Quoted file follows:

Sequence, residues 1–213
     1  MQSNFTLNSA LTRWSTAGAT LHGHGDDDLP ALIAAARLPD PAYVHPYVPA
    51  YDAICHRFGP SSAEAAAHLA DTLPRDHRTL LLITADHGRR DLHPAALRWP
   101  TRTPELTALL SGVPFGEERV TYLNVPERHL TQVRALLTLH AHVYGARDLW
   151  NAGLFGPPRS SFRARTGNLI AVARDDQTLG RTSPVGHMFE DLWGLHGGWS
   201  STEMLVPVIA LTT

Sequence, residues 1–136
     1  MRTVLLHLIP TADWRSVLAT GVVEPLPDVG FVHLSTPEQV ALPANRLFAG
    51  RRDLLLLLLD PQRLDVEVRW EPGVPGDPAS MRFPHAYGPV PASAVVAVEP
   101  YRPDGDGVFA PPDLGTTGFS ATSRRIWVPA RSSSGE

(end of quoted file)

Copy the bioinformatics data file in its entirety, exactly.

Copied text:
Sequence, residues 1–213
     1  MQSNFTLNSA LTRWSTAGAT LHGHGDDDLP ALIAAARLPD PAYVHPYVPA
    51  YDAICHRFGP SSAEAAAHLA DTLPRDHRTL LLITADHGRR DLHPAALRWP
   101  TRTPELTALL SGVPFGEERV TYLNVPERHL TQVRALLTLH AHVYGARDLW
   151  NAGLFGPPRS SFRARTGNLI AVARDDQTLG RTSPVGHMFE DLWGLHGGWS
   201  STEMLVPVIA LTT

Sequence, residues 1–136
     1  MRTVLLHLIP TADWRSVLAT GVVEPLPDVG FVHLSTPEQV ALPANRLFAG
    51  RRDLLLLLLD PQRLDVEVRW EPGVPGDPAS MRFPHAYGPV PASAVVAVEP
   101  YRPDGDGVFA PPDLGTTGFS ATSRRIWVPA RSSSGE